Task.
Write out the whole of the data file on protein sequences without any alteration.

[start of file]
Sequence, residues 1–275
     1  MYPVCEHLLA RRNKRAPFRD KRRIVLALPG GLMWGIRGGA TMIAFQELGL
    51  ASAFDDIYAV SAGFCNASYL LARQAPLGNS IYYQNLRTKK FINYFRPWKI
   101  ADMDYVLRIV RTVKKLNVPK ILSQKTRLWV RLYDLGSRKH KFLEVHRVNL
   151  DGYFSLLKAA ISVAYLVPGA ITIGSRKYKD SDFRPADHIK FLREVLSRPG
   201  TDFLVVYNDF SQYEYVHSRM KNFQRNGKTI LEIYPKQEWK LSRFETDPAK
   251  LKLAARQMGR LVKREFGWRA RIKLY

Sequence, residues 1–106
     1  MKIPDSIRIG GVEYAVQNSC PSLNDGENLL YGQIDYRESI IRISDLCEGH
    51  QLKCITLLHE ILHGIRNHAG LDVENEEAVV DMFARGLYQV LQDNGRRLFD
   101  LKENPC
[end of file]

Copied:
Sequence, residues 1–275
     1  MYPVCEHLLA RRNKRAPFRD KRRIVLALPG GLMWGIRGGA TMIAFQELGL
    51  ASAFDDIYAV SAGFCNASYL LARQAPLGNS IYYQNLRTKK FINYFRPWKI
   101  ADMDYVLRIV RTVKKLNVPK ILSQKTRLWV RLYDLGSRKH KFLEVHRVNL
   151  DGYFSLLKAA ISVAYLVPGA ITIGSRKYKD SDFRPADHIK FLREVLSRPG
   201  TDFLVVYNDF SQYEYVHSRM KNFQRNGKTI LEIYPKQEWK LSRFETDPAK
   251  LKLAARQMGR LVKREFGWRA RIKLY

Sequence, residues 1–106
     1  MKIPDSIRIG GVEYAVQNSC PSLNDGENLL YGQIDYRESI IRISDLCEGH
    51  QLKCITLLHE ILHGIRNHAG LDVENEEAVV DMFARGLYQV LQDNGRRLFD
   101  LKENPC